• TikTok owner ByteDance announces plans to launch rival music streaming app
  • Chinese-based company in talks with Universal Music, Sony Music and Warner Music
  • Music executives close to the matter “welcome” the new addition

TikTok (Ascannio shutterstock)

TikTok owner ByteDance to take on music streaming

Source: Ascannio / Shutterstock

Beijing-based ByteDance and creator of social video app TikTok is set to take on Apple Music and Spotify after announcing the launch of its own streaming service.

ByteDance is reportedly in talks with Universal Music, Sony Music and Warner Music for global licensing deals to include their songs on its upcoming music service, according to people briefed on the matter.

The Financial Times reported the Chinese technology company aims to launch as soon as next month, initially in markets such as India, Indonesia and Brazil, before plans to expand in the future to the US.

The launch into streaming music would see ByteDance compete directly with subscription market leaders in streaming music including Spotify, Apple and Tencent.

Last year Japanese investment group SoftBank valued the firm at $75 billion.

TikTok has quickly become one of the most popular social media platforms differentiating itself from the likes of Facebook and Twitter with its focus on user-generated content.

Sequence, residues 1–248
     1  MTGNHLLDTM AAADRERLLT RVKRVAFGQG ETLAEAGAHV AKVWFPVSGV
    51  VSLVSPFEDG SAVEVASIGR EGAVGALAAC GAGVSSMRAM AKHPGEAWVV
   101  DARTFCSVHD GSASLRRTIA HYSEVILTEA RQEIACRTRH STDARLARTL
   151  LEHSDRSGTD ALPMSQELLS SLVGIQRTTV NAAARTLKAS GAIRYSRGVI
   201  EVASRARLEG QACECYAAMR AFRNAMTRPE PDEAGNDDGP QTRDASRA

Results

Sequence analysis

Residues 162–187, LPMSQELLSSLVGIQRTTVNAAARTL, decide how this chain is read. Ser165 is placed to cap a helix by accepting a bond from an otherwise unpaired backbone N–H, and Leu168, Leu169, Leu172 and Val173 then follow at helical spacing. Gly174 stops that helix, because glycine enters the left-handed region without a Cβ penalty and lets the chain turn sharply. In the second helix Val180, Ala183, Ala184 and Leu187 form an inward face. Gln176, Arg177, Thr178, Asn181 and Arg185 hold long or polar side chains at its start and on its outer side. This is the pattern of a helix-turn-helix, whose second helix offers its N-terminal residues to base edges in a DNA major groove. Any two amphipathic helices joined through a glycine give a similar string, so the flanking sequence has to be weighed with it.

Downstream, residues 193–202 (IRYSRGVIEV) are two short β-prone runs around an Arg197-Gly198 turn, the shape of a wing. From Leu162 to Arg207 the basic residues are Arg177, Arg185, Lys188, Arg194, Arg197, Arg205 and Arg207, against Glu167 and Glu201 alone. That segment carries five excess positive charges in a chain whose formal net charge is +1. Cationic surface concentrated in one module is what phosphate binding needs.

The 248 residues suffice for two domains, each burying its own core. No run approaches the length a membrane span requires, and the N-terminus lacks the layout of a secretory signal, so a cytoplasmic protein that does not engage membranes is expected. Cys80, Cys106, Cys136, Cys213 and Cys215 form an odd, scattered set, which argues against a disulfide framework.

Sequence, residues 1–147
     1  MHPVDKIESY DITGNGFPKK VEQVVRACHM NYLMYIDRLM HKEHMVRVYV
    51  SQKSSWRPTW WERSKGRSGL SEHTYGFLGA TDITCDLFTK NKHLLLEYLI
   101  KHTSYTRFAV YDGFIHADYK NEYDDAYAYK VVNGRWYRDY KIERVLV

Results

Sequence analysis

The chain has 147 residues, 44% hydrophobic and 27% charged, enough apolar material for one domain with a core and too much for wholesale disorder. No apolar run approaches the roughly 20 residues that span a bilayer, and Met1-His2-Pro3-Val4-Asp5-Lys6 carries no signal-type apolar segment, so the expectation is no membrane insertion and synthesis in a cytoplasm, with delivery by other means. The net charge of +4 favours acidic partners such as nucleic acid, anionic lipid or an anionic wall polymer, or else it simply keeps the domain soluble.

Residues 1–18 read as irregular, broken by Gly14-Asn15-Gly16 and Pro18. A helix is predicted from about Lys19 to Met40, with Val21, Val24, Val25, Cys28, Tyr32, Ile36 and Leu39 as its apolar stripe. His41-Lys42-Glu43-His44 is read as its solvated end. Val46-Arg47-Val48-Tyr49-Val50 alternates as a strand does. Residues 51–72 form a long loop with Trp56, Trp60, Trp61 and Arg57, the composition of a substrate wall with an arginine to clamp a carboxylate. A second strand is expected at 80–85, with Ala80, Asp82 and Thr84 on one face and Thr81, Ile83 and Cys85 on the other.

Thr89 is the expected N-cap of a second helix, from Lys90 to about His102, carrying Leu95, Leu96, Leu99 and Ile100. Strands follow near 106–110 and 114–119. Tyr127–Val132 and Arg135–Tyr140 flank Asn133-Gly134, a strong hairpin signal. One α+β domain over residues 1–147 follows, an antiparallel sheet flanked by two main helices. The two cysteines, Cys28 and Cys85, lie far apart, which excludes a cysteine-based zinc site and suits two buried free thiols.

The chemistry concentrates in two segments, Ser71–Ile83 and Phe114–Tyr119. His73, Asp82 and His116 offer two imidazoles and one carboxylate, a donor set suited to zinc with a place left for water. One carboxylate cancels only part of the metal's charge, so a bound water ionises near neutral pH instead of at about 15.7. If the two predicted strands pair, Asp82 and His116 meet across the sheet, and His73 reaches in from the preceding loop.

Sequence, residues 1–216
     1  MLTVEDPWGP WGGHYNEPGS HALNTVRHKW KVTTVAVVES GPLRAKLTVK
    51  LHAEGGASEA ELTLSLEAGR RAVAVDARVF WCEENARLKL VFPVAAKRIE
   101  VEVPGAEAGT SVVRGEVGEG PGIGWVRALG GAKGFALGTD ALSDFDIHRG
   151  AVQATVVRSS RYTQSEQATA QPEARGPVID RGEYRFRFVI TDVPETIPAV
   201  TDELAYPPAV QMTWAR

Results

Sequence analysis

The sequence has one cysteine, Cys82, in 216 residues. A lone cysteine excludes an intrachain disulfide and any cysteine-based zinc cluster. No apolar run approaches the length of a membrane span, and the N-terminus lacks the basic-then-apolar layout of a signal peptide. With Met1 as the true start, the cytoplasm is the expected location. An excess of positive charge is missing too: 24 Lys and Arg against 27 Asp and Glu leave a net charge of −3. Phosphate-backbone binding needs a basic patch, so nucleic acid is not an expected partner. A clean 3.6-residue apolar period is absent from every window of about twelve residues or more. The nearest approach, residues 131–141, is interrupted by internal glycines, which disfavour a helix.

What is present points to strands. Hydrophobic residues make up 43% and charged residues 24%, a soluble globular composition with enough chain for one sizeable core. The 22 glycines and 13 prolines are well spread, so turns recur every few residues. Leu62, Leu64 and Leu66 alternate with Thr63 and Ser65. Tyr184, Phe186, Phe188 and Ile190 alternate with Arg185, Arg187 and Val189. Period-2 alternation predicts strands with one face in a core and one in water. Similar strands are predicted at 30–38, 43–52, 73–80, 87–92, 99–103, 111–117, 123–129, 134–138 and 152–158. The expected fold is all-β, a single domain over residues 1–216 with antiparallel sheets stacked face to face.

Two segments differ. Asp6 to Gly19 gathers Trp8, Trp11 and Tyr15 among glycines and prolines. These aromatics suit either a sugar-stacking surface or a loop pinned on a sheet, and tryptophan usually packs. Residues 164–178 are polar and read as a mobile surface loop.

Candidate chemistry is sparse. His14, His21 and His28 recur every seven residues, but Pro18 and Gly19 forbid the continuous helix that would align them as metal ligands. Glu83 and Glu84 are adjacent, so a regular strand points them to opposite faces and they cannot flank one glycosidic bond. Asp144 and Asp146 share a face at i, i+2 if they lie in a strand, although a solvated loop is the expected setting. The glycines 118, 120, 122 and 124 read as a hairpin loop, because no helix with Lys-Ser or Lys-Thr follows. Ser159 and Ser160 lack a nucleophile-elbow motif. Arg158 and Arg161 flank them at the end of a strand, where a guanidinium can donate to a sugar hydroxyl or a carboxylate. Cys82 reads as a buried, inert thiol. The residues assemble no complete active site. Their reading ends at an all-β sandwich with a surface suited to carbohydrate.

The app enables users to post and watch short video clips, which are often comedy sketches and dance challenges to various trending songs.

According to reports from TikTok, it has more than 1 billion users, which makes it more popular than more established social media platforms Snapchat or Twitter.

TikTok is currently free to use and an open opportunity for music executives to collaborate and make a direct profit.

The FT claimed ByteDance app is a “welcome addition to the music streaming market” and are likely to offer a similar catalogue of songs from Spotify, Apple and Amazon.

In addition to on-demand music, the planned ByteDance streaming app would include a library of short video clips that listeners could search through and synch to songs as they listen, according to music executives who received demos of the service.

Users would be able to send clips to their friends, as the app aims to encourage sharing and virality, and is designed for mobile phones with vertical-sized videos.

ByteDance’s music app has not been named yet and pricing remains unclear, although it is expected to cost less than the $10 a month charged by Spotify and Apple.

Subscription music has become popular in the US and Europe but less so in Asia, where Tencent has a strong following in the Chinese music market, a potential challenge for ByteDance.